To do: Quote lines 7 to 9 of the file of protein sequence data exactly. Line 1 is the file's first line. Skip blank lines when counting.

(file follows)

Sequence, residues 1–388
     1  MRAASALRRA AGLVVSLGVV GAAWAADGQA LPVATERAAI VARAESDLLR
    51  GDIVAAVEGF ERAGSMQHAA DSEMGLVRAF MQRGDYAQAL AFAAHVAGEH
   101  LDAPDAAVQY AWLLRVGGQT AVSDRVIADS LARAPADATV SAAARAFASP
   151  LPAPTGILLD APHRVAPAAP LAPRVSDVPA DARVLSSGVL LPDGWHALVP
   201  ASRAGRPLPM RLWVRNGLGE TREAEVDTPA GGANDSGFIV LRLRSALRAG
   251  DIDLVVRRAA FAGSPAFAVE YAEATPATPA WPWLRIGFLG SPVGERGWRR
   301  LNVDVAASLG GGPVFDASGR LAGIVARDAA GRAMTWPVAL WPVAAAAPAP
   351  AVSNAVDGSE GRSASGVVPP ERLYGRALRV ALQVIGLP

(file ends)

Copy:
   251  DIDLVVRRAA FAGSPAFAVE YAEATPATPA WPWLRIGFLG SPVGERGWRR
   301  LNVDVAASLG GGPVFDASGR LAGIVARDAA GRAMTWPVAL WPVAAAAPAP
   351  AVSNAVDGSE GRSASGVVPP ERLYGRALRV ALQVIGLP